|From National Post Online|
quote: TORONTO - The directors of an avant-garde gallery in Toronto have come under fire for their refusal to denounce two artists accused of the torture killing of a cat.
Jesse Power, a 21-year-old Ontario College of Art & Design student, and Anthony Ryan Wennekers, 24, were charged on May 30 with cruelty to animals and mischief. A third man remains at large.
The men allegedly videotaped the black, white and grey cat's ordeal. The case is before the courts.
The gallery, Art System, which is funded by the art college's student union, became embroiled in the debate when co-directors Jubal Brown and Daniel Borins appeared at Mr. Power's bail hearing to support the artist, who has exhibited previous work at the gallery and whom they consider a friend.
Mr. Power is also scheduled to exhibit some of his work at the gallery in August, but it's not clear whether that will go ahead.
Mr. Power has gone on record in a local newspaper defending the video as a work of art -- a comment on the death and suffering of animals used for meat.
Toronto Police Detective Gordon Scott said the 17-minute videotape is the most difficult thing he has ever watched.
"After a couple of minutes, I was actually rooting for the cat to die to avoid the cruelties being inflicted upon it," he said.
Mr. Brown and Mr. Borins have made it clear they do not condone acts of cruelty to animals. Mr. Brown, a vegetarian who owns two cats, said he finds the idea of killing cats "simply horrible."
"I don't support the killing of animals for food or art," he said.
"But whether it is art is not for us to answer."
Mr. Brown is no stranger to controversy. In 1996, he gained infamy by ingesting primary-coloured foods and vomiting on two paintings he considered "banal" -- a seascape by Raoul Dufy at the Art Gallery of Ontario and a Mondrian at the Metropolitan Museum of Art in New York City.
Neither painting was damaged and no charges were laid. Mr. Brown said at the time his protest was meant "to destroy art, to liberate individuals and living creatures from its banal, oppressive representation."
Art System's position has since been reinforced by an official statement from Bill Pusztai, chairman of the student union at the Ontario College of Art and Design.
"The actions on the videotapes are abhorrent, immoral and illegal," Mr. Pusztai said. "But it is not our role to be arbiters of what is and what isn't art."
Cathy GordonMarsh, a local artist who has mounted the boycott, says taking a stand on the artistic merit of such acts is essential.
"It reflects on us as an arts community," she said. "I am very willing to say it is not art for the reason that it includes an unwilling partner. It is the difference between art and snuff."
Mr. Borins said the fate of Mr. Power's scheduled show at Art System is now in doubt. Police have seized all of his video work for review and the gallery is looking into whether it can show any of his work without fear of facing charges itself.
Mr. Borins also made it clear Art System has no desire to show the tape of the cat's skinning and death.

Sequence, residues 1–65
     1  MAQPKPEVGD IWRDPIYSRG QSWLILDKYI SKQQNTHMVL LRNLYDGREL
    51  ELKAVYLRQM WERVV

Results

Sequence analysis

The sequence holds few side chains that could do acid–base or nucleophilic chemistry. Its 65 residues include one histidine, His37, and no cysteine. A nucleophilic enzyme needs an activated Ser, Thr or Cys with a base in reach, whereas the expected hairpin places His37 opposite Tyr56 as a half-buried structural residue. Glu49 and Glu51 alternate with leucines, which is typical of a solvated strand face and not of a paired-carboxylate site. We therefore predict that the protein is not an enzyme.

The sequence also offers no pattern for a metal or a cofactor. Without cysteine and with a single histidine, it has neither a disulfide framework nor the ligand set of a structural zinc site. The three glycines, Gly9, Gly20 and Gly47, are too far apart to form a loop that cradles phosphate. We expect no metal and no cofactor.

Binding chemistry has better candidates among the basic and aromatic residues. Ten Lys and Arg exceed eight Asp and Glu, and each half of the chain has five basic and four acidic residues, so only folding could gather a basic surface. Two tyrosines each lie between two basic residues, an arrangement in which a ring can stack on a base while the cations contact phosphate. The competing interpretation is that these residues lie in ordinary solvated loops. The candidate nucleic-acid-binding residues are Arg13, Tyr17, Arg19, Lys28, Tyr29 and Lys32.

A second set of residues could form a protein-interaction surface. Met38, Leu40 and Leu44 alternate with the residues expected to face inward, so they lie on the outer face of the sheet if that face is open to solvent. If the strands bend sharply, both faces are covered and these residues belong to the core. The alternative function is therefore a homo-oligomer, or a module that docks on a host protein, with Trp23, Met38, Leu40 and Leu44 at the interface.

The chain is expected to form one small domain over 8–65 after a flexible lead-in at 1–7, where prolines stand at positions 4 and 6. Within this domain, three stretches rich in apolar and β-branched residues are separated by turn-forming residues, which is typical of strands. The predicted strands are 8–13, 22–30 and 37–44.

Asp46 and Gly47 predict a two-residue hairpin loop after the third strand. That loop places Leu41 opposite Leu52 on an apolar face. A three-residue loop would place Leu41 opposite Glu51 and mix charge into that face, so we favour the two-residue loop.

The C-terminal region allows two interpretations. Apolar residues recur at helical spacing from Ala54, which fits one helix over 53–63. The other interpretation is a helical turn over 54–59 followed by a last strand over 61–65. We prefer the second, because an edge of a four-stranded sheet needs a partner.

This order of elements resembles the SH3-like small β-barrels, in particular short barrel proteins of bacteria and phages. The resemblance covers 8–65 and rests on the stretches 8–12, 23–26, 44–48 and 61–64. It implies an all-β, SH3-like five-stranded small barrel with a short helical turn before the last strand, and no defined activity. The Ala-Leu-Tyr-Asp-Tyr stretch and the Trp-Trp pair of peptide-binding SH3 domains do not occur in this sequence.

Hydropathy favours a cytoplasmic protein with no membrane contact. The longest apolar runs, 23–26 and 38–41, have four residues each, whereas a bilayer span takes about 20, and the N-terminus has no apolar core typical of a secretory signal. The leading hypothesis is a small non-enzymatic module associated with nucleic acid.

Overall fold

"We're not idiot provocateurs," he said. "It's like showing a snuff movie -- it's illegal."
Both Mr. Brown and Mr. Borins have defended their decision to attend Mr. Power's bail hearing, saying they were only there to support a friend.
"We were concerned that Jessie is messed up and in serious trouble," Mr. Borins said. "We're also concerned that police confiscated all his previous artwork and might try to use it against him as character evidence."
Since current laws relating to cruelty to animals carry only a maximum six-month sentence, Det. Scott said police are trying to locate the cat's owner in an effort to prove the animal was someone's property and thereby solidify their case for a possible conviction on indictable mischief, which carries a maximum sentence of two years.
Mr. Power has been released on bail but Mr. Wennekers remains in custody. Zo╬ Stonyk, a volunteer at Art System who shared a number of classes with Mr. Power, said his previous video work has often examined controversial subjects.
She said one project, filmed while Mr. Power was employed at a poultry processing plant, detailed chickens being slaughtered in an effort to examine the reality of meat production.
Johanna Householder taught Mr. Power as an instructor in performance art and contemporary issues at the art college. She described him as a student "who looks deeply into very difficult questions."
She also attended his bail hearing, out of concern for what she said was the "inflammatory" nature of e-mails sent out by Ms. GordonMarsh calling for the Art System boycott.
"It felt like a bit of witch hunt," Ms. Householder said.
"Art System has done a good job of establishing itself as a venue appealing to a new, less mainstream generation of artists and I'm concerned about the cloud that is now hanging over it."
Art System opened early last year. Its mandate is to maintain a lively exhibit space "on the edge that fosters young ideas," according to Ms. Stonyk.
Mr. Brown, who is renowned for what Ms. Stonyk described as his "punk rock" attitude toward art, was a natural choice to become director.
Ms. GordonMarsh's boycott has so far convinced organizers of one fundraiser scheduled for Art System to cancel. She said she plans to continue the boycott until Mr. Brown steps down as director.
Mr. Borins, however, condemned what he said is the "lynch mob mentality" behind the Art System boycott.
"There's nothing wrong with attending the bail hearing of friend," he said.
"They say we're guilty by association and that shows an astonishing level of ignorance.
"We're against cruelty to animals, but these people want us to issue a statement that would define the limits of artistic freedom," he added. "It's extortion."